One of the many remarkable factors of EU Technology policy, underpinning a great-deal of the belief structure both of the ITU and the UN, is that of its open-source policies. If developers wish their great idea to be used by government throughout the EU, portions of it must be open-source. This is a security measure, more than anything else – however it is important to note, the difficulties a number of companies from the US have had with these policies overall. Indeed it may been considered, that technology development has, at times, been stymied by the policies held to account, by europeans. Whilst US companies may complain, it is simply not the case that a great deal of their software, web-business infrastructure is made available on open-source terms. Indeed, to example the difficulties many policing organisations throughout the world have had significant difficulty in tracking down those behaving illegally, due to the very difficult nature of acquiring appropriate information, as required by local law and law-enforcement agencies, on individuals breaching law through the use of online environments, such as facebook, myspace and others. difficulties have been discussed with me, to be more of a local law-enforcement nature, such as suggestions that youth had a suicide pact, or online bullying – aspects in Australia, that were not of national significance overall. However Australia, as a nation has enjoyed a highly communicable and trusted relationship with the US, which although explaining difficulties therein; may also highlight issues for other regions and their people, if the nature of the relationship was not equally or virtuously positive overall.
There is little disputing the fact that USA, through its own heritage and the continuation of that heritage, has a range of interests, beliefs, of great importance on a national and international stage. However reasonably, the question could be asked – does that mean we, as a global community, should be made dependant upon the interests of this region, it’s policies and its procedures. In western countries this question is less complicated, than those in other regions, with differentiated languages and beliefs. The mistakes of the crusades and/or the development of the british commonwealth may well be consequential in the coming debate, overtime.
Underlying all of this, there are some fundamental developments to the internet, which spawns the opportunity for discussion. The Internet works using a numbering system, called “IP” or “Internet Protocol”, which has proliferated throughout the globe under an auspice entitled “V4”. IPv4 provides the numbers, which in digital terms relate to whether or not the participant or device, is connected to the network. Founders of the internet, have discussed openly, that it was in-fact a lab-experiment, gone global. That the design of this fundamental pillar for internet, was not ready for global uptake. Vint Cerf, also goes on-to discuss how he gained an opportunity to work with an American Military organisation to develop a more appropriate platform for their use, and through that work a new model emerged, IPv6.
There are a number of critical differences between the two standards. The first, is the number of numbers available. The total number, of numbers (called the “ip address pool”) for IPv4 is limited, and running out. The number of available, IPv4 numbers when no-longer available – will result in an inability to issue new numbers for purposes such as secure communications, or indeed access. IPv6, has by a significant multiple – more numbers. There are theoretically so many numbers, that every unique object throughout the world could be provided a unique number – an identifier, and there would still be more left-over, for several generations.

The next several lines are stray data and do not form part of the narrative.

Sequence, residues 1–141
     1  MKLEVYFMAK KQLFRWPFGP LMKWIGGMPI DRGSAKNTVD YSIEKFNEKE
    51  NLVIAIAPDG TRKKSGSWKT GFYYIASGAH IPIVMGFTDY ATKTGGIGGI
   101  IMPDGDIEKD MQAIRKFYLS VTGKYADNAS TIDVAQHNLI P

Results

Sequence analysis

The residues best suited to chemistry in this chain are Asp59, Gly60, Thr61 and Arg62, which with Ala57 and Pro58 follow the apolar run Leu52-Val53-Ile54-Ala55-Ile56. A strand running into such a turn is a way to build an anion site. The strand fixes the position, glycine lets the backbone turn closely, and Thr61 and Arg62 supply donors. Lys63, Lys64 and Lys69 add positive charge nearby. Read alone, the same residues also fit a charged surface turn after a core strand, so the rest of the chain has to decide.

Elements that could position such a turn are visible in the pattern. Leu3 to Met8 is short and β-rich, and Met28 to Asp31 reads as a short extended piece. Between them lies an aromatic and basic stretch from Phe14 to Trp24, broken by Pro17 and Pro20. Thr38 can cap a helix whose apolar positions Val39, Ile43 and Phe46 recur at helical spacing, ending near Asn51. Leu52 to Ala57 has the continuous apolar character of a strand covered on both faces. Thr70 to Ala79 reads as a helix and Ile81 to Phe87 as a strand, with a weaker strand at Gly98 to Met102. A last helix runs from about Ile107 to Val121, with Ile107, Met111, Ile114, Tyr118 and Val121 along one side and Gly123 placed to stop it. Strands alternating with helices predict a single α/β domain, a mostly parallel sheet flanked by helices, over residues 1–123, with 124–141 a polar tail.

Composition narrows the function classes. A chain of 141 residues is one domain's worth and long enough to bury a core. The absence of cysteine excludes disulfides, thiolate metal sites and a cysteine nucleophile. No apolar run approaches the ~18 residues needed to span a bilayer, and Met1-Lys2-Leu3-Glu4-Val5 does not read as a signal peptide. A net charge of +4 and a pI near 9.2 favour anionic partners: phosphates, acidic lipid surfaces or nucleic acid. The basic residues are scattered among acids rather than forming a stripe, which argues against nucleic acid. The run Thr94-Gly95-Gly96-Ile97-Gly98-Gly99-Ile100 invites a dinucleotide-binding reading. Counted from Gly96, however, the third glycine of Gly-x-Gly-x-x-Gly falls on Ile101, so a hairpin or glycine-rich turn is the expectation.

The second, and perhaps more important aspect – is the inclusion of security, into the numbering system and the information transport system it provides.
Traditionally, certificates were required from an authorised 3rd party, who held “the master key”. For obvious reasons, most of the companies holding those “master keys” were US Based. Although methods are available to use and/or generate alternative keys, consumer browsers would alert users, that the website was not secure, creating upset and difficulty for wide-spread commercial use. In IPv6, a system called “DNSSEC” is included. DNS SEC, in-turn, reduces the dependancy upon these certificate providers – and in-turn, provides an opportunity for broader commercial engagement over what is being labelled, a “digital economy”.
And this; i believe, is where the problem is greatest – this concept, of a digital economy. Technology is never a problem, it is the utility of technology where problems emerge.
As more and more people, use digital technology as a key constituant to trade, and economic participation – security becomes a necessary aspect overall. The alternative, would be like an open-door policy to your local banking institution, and the vaults in which they hold their customers assets.
Todays internet provides little protection for the rights of individuals throughout the world. Equally, most people are able to exploit otherwise enforced law, such as copyright law, without regard. Institutional business models and profits have even emerged through the commercial exploitation of these factors, for which few if any are held accountable overall. In many of the submissions and discussions relating to this, and related matters the factor of whether or not the internet is “free” emerges. upon examination, it would be fair to consider what in america, if anything is actually “Free”, and as such – how do we pay for these things, and what rights do we have as consumers, whether locally or abroad.
Arguably, after the dot-com crash, the fight began – in the information age, knowledge is power and control of communications transfer and storage, is of immense power. We wait to see how this journey continues.
It is our belief, that an emergence of “information banking” will occur; but only through the discussion, of how the knowledge capital of sovereign states and its people, can at times be of value to GDP. It seems most likely, however, that a company like google will be capable of knowing about these types of changes, prior to agreement – enabling it to vend products, that in-themselves, may void the opportunity of united, democratic inter-governmental process; prior to the lifecycle process needed to forge the most opportune path, not otherwise defined within America.